Using Automotive LED Lights is a bit different than using incandescent automotive bulbs. You can expect the wire colors and power consumption to be a bit of a surprise. Being that LED lights use far less power than standard automotive bulbs, if you plan to install LED lights as blinkers/turn signals, you should replace the standard thermal flasher relay with an LED or electronic flasher relay. LED bulbs use such little power that they won’t create enough heat to trip a standard thermal flasher.
With that being said, let’s get started!
LED Lights with only one wire will normally ground (-) through the base of the light housing and are going to be a single function light. This means marker light, running light, brake light or blinker. In this case the single wire whether the color is white, black or red will function as the positive (+) power wire.
LED Lights with 2 wires are generally going to be a single function light. This means marker light, running light, brake light or blinker. In this case one of the wires will be ground (-) and the other is positive(+). Generally a white and a black wire will be provided. The white will normally be the ground(-) and the black will be the positive(+).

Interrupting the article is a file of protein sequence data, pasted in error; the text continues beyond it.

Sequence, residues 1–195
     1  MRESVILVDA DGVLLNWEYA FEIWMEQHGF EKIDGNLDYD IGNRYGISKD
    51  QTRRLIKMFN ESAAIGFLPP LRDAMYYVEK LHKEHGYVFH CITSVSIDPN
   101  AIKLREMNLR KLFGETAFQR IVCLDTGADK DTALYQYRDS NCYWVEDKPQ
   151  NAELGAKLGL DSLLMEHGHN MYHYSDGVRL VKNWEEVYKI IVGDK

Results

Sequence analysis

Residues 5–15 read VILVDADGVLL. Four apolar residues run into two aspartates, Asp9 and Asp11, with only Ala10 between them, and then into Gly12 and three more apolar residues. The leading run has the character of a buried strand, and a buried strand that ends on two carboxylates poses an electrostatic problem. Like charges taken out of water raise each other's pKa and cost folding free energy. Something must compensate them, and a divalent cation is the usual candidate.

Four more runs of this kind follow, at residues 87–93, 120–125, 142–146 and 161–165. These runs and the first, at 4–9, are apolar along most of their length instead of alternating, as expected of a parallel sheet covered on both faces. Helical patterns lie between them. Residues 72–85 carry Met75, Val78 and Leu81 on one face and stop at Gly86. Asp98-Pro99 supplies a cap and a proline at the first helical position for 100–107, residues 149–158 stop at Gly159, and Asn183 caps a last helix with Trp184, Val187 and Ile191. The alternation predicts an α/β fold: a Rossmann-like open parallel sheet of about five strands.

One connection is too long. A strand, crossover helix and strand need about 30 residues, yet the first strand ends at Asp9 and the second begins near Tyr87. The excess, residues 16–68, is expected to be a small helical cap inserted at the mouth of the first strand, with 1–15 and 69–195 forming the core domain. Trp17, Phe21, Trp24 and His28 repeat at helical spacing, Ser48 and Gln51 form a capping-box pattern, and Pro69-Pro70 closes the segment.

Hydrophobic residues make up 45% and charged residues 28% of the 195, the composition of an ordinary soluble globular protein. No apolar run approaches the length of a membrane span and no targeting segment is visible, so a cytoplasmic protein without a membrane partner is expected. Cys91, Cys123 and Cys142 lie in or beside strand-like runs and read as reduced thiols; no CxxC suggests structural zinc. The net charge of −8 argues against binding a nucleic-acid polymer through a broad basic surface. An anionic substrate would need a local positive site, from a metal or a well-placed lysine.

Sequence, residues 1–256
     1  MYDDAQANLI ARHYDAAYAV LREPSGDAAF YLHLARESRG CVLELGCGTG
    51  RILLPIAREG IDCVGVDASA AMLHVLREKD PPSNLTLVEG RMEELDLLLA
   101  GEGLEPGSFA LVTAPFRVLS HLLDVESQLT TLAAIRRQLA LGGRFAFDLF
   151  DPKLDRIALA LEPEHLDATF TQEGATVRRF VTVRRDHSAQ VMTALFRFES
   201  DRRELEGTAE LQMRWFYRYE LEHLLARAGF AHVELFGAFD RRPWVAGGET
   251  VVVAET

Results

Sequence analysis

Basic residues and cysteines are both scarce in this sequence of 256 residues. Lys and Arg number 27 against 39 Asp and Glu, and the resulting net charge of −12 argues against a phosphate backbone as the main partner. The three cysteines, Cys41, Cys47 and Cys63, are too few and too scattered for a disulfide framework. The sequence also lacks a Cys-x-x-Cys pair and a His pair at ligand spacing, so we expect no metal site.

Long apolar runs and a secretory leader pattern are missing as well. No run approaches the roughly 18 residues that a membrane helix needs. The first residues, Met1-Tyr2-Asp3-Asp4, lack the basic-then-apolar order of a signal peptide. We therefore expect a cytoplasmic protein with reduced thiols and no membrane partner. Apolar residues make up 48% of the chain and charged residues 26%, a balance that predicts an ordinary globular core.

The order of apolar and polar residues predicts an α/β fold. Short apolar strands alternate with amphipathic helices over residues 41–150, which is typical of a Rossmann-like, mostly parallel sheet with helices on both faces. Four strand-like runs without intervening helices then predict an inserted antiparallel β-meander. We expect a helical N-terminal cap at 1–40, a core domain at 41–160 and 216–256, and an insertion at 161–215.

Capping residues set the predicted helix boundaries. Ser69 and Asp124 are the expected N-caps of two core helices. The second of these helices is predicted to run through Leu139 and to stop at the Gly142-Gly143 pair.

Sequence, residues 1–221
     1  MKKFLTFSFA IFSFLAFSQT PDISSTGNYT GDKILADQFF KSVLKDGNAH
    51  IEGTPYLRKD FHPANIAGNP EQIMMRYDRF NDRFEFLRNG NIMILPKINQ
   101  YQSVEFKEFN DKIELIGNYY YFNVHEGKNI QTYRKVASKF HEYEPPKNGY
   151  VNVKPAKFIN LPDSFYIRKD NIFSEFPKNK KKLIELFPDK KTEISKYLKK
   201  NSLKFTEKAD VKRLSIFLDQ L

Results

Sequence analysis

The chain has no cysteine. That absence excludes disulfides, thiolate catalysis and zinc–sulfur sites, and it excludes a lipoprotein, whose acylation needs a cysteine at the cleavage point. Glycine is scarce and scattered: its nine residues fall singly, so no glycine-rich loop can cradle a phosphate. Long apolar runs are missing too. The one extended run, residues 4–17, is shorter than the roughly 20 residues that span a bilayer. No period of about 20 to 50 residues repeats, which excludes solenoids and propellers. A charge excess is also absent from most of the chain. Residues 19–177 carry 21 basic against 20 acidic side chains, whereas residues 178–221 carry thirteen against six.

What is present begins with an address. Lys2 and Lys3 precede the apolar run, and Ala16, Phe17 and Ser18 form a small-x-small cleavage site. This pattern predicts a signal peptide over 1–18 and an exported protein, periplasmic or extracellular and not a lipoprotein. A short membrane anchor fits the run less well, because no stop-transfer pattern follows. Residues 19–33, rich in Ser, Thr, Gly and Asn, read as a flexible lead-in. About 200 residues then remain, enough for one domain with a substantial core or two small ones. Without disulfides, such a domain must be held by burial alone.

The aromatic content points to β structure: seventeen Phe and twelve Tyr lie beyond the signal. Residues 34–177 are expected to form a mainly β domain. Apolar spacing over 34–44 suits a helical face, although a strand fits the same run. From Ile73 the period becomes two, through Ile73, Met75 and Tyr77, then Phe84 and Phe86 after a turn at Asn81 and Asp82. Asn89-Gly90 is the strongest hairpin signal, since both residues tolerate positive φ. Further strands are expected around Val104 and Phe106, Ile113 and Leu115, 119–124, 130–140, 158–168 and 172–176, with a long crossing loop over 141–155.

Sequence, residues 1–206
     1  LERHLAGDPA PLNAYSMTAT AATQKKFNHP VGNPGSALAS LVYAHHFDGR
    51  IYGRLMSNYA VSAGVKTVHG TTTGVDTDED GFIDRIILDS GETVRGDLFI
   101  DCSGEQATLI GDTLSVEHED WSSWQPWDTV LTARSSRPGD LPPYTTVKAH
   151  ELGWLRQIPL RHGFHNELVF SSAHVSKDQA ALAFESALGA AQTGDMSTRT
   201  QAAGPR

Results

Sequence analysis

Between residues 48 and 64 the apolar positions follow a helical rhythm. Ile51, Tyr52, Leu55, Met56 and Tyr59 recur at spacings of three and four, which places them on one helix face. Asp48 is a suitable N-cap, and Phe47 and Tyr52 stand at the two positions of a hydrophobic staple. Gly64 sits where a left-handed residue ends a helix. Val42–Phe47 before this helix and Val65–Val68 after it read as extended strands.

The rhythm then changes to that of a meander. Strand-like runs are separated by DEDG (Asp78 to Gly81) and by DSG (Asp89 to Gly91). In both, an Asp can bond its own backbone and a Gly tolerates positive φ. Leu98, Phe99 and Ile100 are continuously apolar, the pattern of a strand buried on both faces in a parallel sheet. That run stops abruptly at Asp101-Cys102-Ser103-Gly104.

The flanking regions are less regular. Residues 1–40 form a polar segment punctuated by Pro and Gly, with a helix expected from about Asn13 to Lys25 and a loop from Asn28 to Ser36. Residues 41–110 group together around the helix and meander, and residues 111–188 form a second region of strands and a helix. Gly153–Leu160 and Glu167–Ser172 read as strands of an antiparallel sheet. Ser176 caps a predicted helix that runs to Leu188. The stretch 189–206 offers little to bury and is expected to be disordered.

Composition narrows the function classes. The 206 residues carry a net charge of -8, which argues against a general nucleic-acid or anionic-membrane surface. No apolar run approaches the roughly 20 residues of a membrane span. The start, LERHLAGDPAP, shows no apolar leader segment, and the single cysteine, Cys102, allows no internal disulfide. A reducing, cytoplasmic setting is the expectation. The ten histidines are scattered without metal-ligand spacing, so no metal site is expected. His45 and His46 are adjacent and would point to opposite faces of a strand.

LED Lights with 3 wires will be a multi-function light. They can (most times) be used in whatever configuration is right for your application. For example, running and brake, running and blinker or brake and blinker. These LED’s will usually have a black, red and white wire. In this case the white is ground(-), red is positive(+) and black is the second positive(+).
So for the LED’s with 3 wires being installed as brake and blinker – connecting the LED light’s black wire to the vehicle’s positive brake light wire and the LED lights red wire to the vehicles positive(+) blinker wire coming from the flasher relay would be correct.
Being that there is really no industry standard for wire coloring in these “aftermarket” LED lights, testing with a multi-meter is always a good idea. Most times the LED’s will include some details about wiring, but they don’t always.
Testing LED lights for proper polarity with a 9v battery is also a great way of determining which wires are positive and which are negative. For example, if you have a three wire LED light assembly, touch the suspected negative(-) wire to the 9v battery negative(-) side and at the same time, touch the one of the remaining wires to the 9v battery positive(+) side. If by chance you’re mistaken and end up with both positive wires connected to the 9v battery (LED + to 9v(-) and LED+ to 9v(+) ) no damage should occur.